Final set. I've climbed hill and am about to park bike--Marigolds are still in bloom next to Regina Hall and insects are still gathering nectar on Oct. 30.





Sunday, October 30, 2016

In Which I Ride In Shorts

Logo from RAGBRAI.com.
Riding a bicycle while wearing shorts doesn’t exactly make me a rebel.

Except it’s almost November. All Hallow’s Eve is Monday. And on Saturday, I rode to the gym in the morning and a took a little detour along the Boyson Trail to get there—while wearing shorts.

Well, they recently announced the RAGBRAI logo for next year’s ride, so perhaps thinking about summer is not so odd. But it feeling like summer outside?

Hey, give us a nice hard freeze. We need those insects to learn it’s time to be outa here.

Still, it was a very pretty morning ride to the gym ….

Morning sun shines through trees on Boyson Trail Saturday Oct. 29.

Thursday, October 27, 2016

In Which We See The Best Bike Rack

Wednesday afternoon after parking in Pit, I find a new bike rack on pavement. That is nice.

It was raining Wednesday morning, and had rained Tuesday night. On Tuesday, I left my bike in my office and rode home with my wife after doing an evening presentation at MMU.

So it was no big deal it was raining Wednesday—I needed to hitch a ride back to campus to get my bicycle anyway.

That afternoon, I was scheduled to be interviewed for local cable TV. I decided to ride my bike there, but it was still misting when I tried to leave campus, so I decided to drive the van my wife usually drives.

And when I got back to campus, the parking lot behind Warde Hall was full. So I drove around to the pit, parked in a faculty-staff space, and walked up the Basile Hall stairs and sidewalk towards Warde Hall.

And there I saw it. I’m sure it has been there for a while, but is new this year This is the style of bike rack just donated to MMU by the Bike Club, and this rack has been installed on a cement pad near Basile Hall.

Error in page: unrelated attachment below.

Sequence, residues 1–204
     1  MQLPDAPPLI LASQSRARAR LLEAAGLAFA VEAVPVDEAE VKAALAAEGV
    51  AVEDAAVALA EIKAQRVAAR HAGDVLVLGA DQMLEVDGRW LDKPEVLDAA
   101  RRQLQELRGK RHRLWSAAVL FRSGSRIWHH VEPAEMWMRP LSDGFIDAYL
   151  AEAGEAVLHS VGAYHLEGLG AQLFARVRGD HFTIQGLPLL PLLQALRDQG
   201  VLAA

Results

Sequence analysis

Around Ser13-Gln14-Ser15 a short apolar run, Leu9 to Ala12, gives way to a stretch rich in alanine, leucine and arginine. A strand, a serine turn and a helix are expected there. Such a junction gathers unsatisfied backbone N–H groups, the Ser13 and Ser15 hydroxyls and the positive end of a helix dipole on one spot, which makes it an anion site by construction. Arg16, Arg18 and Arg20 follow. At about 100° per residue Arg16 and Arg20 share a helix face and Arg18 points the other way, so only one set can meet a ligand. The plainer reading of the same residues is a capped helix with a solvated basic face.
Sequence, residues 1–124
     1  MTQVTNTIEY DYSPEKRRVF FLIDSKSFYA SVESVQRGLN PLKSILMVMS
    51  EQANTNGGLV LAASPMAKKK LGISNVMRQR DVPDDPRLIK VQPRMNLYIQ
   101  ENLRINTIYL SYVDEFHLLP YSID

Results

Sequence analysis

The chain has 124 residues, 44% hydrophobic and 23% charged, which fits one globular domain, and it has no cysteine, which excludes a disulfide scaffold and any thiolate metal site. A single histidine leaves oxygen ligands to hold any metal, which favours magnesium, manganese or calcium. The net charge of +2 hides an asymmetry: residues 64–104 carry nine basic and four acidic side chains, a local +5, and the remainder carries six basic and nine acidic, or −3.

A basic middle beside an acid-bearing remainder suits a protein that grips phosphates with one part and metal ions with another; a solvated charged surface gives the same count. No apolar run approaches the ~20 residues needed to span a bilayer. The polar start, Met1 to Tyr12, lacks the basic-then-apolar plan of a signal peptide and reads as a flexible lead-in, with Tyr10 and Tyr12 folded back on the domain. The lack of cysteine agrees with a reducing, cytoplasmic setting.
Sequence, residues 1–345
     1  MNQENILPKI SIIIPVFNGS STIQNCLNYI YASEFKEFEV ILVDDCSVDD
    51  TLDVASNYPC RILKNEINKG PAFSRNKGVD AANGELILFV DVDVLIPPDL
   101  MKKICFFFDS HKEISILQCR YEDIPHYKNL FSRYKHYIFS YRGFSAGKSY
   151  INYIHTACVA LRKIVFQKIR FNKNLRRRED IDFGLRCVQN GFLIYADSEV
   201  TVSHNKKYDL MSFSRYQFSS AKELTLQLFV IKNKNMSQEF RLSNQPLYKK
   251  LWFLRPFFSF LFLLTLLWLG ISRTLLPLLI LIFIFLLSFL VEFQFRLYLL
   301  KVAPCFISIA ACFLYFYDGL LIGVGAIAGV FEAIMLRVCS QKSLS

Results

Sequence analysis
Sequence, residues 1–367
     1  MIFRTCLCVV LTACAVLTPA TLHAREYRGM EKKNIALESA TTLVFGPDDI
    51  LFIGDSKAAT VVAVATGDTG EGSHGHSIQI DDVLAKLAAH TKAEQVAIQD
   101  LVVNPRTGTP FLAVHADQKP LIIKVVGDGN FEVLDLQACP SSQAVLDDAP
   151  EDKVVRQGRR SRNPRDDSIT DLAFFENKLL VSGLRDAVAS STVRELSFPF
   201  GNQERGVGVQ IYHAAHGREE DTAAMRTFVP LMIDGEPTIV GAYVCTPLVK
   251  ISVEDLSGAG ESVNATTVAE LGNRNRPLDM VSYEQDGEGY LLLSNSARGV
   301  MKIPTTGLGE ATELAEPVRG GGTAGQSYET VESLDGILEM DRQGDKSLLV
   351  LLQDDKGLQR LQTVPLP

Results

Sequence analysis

That, my friends, is the best bike rack on campus. The one near Warde Hall is bigger, but is also located in a garden. I feel guilty leaving Clarence in those damp leaves every time I ride to campus. The bike rack by Regina is in a grassy area.

Bikes are vehicle. They are small, sure, but a vehicle parking lot is usually paved, not grass nor set in the midst of flowers. The issue isn't contact with nature--after all, like most bikers, I bike partly because I want to be out in nature--but is is moisture. Grass and gardens can be damp places, and bikes have all sorts of steel parts waiting to oxidize.

So this bike rack was a bit of a pleasant surprise. The same day I found it, I used it, to park Clarence briefly while I moved the van back up into the Warde lot late in the afternoon after it emptied a bit.

Clarence in rack. OK, the pad be just a tad wider and the rack back just a bit so that bikes don't stick out into the sidewalk, but it's still the right idea.

I thought of parking there today, but was in a bit of a hurry. If I have time, I may tomorrow. I like the idea of my bike on a slab of pavement—it seems cleaner and drier than other earthier locations. So thank you, MMU. You got it almost right on this one.